The earliest evidence of the entrance of Persian words into the language of the Israelites is found in the Bible. The post-exilic portions, Hebrew as well as Aramaic, contain besides many Persian proper names and titles, a number of nouns (as "dat" = "law"; "genez" = "treasure"; "pardes" = "park") which came into permanent use at the time of the Achæmenidæ.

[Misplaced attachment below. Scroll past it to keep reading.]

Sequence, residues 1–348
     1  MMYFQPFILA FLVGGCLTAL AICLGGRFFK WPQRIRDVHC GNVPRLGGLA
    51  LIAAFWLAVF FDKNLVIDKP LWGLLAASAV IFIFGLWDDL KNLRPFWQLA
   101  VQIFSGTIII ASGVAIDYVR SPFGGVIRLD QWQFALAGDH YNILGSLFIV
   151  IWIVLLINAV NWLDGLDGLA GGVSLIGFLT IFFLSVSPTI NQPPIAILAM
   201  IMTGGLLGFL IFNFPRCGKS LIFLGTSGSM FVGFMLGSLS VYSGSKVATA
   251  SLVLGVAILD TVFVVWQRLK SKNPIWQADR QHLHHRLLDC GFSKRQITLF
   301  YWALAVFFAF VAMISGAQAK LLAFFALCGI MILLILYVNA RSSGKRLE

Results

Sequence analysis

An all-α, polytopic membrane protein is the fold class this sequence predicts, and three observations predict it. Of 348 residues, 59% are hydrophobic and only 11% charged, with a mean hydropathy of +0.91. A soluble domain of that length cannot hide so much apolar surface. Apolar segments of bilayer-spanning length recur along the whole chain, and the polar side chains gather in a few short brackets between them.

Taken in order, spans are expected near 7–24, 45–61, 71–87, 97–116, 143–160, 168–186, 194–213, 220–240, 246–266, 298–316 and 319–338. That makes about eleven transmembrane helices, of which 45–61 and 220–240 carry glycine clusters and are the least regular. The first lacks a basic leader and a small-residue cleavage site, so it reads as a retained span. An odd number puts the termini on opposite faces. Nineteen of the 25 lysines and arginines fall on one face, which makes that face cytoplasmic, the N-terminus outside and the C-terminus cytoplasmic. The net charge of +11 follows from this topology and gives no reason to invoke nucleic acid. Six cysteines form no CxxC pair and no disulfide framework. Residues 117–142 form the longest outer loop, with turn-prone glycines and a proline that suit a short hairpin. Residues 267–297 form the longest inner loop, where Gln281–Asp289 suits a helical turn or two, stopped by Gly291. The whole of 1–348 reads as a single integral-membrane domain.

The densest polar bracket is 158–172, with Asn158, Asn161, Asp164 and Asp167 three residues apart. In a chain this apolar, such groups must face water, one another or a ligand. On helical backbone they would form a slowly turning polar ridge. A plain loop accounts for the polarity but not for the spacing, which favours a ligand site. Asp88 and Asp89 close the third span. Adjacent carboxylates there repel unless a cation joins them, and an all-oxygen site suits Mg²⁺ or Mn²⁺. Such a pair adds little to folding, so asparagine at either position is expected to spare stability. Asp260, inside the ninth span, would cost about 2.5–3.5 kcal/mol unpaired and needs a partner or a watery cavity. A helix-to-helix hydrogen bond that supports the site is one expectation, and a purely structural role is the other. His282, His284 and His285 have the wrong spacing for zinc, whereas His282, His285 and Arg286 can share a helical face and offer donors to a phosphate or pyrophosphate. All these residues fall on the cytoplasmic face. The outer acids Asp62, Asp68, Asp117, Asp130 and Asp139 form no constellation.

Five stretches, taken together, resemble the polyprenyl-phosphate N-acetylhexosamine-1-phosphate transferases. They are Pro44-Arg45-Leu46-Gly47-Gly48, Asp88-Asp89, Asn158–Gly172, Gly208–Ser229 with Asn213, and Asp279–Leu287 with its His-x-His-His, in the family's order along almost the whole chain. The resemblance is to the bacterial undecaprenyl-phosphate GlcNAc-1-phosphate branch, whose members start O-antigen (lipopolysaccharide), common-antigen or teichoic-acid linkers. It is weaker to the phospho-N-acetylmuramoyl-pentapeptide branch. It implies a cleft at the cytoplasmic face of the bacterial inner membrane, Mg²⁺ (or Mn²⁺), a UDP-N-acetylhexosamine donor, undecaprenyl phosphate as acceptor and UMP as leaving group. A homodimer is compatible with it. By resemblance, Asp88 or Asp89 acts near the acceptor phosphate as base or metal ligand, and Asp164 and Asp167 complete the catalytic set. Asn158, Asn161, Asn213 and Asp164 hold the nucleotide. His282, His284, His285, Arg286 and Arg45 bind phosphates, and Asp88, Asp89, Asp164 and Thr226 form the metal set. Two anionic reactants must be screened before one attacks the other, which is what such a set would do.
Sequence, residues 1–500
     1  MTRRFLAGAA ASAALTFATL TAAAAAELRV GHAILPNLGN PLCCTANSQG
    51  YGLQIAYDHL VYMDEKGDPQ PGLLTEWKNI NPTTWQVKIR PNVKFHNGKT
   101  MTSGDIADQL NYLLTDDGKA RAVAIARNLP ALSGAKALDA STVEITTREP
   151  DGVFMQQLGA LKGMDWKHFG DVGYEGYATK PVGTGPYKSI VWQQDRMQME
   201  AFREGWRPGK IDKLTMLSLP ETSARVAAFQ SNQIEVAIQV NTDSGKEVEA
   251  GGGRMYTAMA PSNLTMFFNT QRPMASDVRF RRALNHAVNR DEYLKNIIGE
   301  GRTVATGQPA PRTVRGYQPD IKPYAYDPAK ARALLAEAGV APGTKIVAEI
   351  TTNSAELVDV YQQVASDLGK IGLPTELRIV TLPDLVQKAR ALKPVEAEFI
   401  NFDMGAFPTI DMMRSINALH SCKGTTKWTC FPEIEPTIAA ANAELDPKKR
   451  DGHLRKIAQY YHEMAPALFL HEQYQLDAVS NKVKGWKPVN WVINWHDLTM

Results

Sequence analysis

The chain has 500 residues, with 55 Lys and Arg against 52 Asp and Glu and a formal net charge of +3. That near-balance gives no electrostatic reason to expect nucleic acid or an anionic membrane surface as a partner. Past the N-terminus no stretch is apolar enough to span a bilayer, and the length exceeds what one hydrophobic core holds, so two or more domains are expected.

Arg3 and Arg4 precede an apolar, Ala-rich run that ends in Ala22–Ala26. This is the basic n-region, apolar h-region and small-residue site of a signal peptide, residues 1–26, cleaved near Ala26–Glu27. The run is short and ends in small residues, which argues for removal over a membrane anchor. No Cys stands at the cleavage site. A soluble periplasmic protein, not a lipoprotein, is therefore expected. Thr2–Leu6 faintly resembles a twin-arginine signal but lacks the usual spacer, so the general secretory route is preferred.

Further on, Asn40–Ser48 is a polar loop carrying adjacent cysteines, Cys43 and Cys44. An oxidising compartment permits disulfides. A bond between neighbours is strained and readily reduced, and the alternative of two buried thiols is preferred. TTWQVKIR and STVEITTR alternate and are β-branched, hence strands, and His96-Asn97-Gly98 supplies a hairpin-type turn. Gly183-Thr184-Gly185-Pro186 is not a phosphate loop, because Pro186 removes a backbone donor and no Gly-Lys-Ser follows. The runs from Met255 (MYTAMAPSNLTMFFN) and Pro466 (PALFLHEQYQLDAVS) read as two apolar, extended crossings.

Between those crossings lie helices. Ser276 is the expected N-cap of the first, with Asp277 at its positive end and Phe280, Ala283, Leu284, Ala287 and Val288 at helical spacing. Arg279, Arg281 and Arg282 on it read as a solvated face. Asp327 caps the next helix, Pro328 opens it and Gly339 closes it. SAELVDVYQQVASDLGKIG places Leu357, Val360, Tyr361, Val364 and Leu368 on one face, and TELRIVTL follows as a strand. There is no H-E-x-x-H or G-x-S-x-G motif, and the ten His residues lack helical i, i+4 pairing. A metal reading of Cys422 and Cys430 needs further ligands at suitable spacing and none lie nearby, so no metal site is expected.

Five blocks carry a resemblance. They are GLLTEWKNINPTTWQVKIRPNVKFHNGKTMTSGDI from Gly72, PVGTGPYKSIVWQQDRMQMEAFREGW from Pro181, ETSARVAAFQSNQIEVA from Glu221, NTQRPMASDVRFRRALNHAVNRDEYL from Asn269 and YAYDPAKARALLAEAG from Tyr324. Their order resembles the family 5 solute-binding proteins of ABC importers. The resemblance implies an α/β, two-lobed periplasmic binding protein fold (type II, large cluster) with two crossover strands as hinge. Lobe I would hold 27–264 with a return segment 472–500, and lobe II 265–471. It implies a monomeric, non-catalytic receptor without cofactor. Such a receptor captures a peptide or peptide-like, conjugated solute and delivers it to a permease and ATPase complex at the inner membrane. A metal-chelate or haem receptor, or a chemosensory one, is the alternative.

More than five hundred years after the end of that dynasty the Jews of the Babylonian diaspora again came under the dominion of the Persians; and among such Jews the Persian language held a position similar to that held by the Greek language among the Jews of the West. Persian became to a great extent the language of everyday life among the Jews of Babylonia; and a hundred years after the conquest of that country by the Sassanids an amora of Pumbedita, Rab Joseph (d. 323), dared make the statement that the Babylonian Jews had no right to speak Aramaic, but should speak either Hebrew or Persian. Aramaic, however, remained the language of the Jews in Palestine as well as of those in Babylonia, although in the latter country a large number of Persian words found their way into the language of daily intercourse and into that of the schools, a fact which is attested by the numerous Persian derivatives in the Babylonian Talmud. But in the Aramaic Targum there are very few Persian words, owing to the fact that after the middle of the third century the Targumim on the Pentateuch and the Prophets were accepted as authoritative and received a fixed textual form in the Babylonian schools. In this way they were protected from the introduction of Persian elements.